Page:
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Blackman Collegiate Academy explores MTSU science ...

Blackman Collegiate Academy explores MTSU science options

Blackman Collegiate Academy juniors sampled science at MTSU and the University Honors College during a March 24 visit to campus.

Geosciences, biology, physics and astronomy, Concrete Industry Management and the university’s Experimental Vehicles Program were areas the Blackman High School students discovered in the school’s second visit to MTSU this year.

MTSU biology chair Lynn Boyd addresses research and career opportunities in her field March 24 in the new Science Building during the Blackman Collegiate Academy Day at MTSU. (MTSU photos by J. Intintoli)

MTSU biology chair Lynn Boyd addresses research and career opportunities in her field March 24 in the Science Building during the Blackman Collegiate Academy Day at MTSU. (MTSU photos by J. Intintoli)

The MTSU-Blackman partnership is one of several arranged each semester during the academic year. It allows freshmen, sophomores, juniors and seniors opportunities to spend time on the college campus, meeting MTSU students, faculty and administrators and learning about many of the university’s 140-plus programs.

As part of the partnership, which is designed to give them a competitive edge as they prepare for college, juniors and seniors in the academy who meet eligibility standards can take up to six hours of university courses taught by MTSU instructors at Blackman at no cost. The credits will count on high school and college transcripts.

Diamond Bradley, 17, was one of nearly 10 students taking in a 45-minute session on concrete. They even made concrete coasters.

“This has been a good experience,” Bradley said at the conclusion of the session. “I had trouble with mine, but I enjoyed the process. There’s a lot to learn off simple concrete. There’s a lot to the process.”

Classmate Gabrielle Brown, 16, liked the fact “a lot of job opportunities” can be found in the concrete industry.

Blackman High School junior Gabriele Brown makes a concrete coaster during a session led by Concrete Industry Management's Nicole Green as part of the March 24 Blackman Collegiate Academy Day at MTSU.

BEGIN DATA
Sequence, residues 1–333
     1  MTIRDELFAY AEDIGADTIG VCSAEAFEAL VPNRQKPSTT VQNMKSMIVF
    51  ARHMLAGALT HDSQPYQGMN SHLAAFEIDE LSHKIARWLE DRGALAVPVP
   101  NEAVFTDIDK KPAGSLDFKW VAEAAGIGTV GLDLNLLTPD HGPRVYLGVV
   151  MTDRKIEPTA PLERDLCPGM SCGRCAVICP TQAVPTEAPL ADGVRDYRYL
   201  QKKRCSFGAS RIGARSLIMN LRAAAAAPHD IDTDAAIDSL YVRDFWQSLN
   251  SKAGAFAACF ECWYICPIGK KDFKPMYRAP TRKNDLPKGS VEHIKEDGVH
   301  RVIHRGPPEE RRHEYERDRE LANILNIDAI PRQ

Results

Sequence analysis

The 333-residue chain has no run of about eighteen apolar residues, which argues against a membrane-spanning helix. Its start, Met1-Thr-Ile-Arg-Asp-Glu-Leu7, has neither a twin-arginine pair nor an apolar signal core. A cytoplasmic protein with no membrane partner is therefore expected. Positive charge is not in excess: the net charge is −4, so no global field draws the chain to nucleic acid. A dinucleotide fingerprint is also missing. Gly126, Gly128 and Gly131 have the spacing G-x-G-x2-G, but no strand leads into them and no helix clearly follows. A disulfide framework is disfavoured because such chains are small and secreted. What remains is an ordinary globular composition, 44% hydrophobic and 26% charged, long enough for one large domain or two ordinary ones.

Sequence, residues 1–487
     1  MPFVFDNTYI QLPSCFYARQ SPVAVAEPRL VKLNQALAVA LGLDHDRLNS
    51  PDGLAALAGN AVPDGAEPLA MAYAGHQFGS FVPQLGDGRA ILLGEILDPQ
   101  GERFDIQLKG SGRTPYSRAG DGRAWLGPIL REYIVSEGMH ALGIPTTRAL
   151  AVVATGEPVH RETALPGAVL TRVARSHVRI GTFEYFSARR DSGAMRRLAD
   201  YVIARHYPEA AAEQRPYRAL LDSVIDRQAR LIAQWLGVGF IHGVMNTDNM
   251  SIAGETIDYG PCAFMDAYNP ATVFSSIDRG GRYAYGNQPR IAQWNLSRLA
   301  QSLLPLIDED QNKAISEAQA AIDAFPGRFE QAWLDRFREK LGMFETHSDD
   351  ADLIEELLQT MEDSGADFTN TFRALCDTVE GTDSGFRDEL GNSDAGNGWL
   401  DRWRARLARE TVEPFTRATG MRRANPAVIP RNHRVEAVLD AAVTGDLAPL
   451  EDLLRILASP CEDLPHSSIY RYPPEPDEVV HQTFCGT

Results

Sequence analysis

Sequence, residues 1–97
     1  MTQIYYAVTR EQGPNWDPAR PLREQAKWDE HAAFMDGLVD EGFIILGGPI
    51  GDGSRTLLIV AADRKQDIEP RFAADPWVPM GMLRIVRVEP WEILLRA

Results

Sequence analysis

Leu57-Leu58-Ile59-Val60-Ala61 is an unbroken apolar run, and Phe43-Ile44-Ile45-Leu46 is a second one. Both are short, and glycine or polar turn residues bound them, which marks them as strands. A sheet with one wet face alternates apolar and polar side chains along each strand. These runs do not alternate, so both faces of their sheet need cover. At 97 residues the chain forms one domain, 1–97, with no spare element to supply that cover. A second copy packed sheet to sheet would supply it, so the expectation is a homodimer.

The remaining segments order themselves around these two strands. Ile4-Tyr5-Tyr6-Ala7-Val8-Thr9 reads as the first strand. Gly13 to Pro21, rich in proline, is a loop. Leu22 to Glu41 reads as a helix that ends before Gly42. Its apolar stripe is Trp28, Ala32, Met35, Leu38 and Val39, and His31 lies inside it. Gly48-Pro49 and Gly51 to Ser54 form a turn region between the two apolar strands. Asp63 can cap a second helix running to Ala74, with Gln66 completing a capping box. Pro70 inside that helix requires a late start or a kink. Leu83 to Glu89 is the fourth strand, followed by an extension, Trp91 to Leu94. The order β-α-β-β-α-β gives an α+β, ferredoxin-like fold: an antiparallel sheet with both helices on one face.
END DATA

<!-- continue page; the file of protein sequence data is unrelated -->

Blackman High School junior Gabriele Brown makes a concrete coaster during a session led by Concrete Industry Management’s Nicole Green as part of the March 24 Blackman Collegiate Academy Day at MTSU.

Zach Rachidi, 16, was with a group in Wiser-Patten Science Hall witnessing “cool” things happening in physics, led by Department of Physics and Astronomy chair Ron Henderson.

“Actually it was pretty cool and entertaining (demonstrations by Henderson), but it is not something I want to do,” said Rachidi, who expressed a strong interest in being a pilot and following an aerospace path.

Rachidi said he “learned a lot about the Honors College — the GPA requirements and the (Honors) opportunities at MTSU.”

Henderson, concrete’s Heather Brown and Nicole Green, biology chair Lynn Boyd, geosciences chair Warner Cribb and engineering technology chair Walter Boles discussed careers in their respective fields. In addition to Wiser-Patten, sessions were the new Science Building, Davis Science Building, Voorhies Engineering Technology Building

Dean John Vile and event coordinator Susan Lyons provided a complete rundown of Honors College options and requirements as they toured the Paul W. Martin Sr. Honors Building.

Concluding their visit, Blackman students heard about “a typical day in the life of a college student” from MTSU Student Ambassadors in the Student Union Building.

After arriving on campus earlier in the day at the Student Services and Admissions Center/MT One Stop, Blackman students received True Blue Bags and heard about the admissions process from Linda Olsen, director of undergraduate recruitment, and recruiter Joey Clark.

— Randy Weiler (Randy.Weiler@mtsu.edu)

MTSU Department of Physics and Astronomy chair Ron Henderson explains how various heat and water processes will create steam and eventually cause the sides of aluminum can to cave in March 24 to Blackman Collegiate Academy students visiting MTSU.

MTSU Department of Physics and Astronomy chair Ron Henderson explains and then shows Blackman Collegiate Academy students how various heat and water processes create steam and eventually cause the sides of aluminum can to cave in March 24 at MTSU.

 


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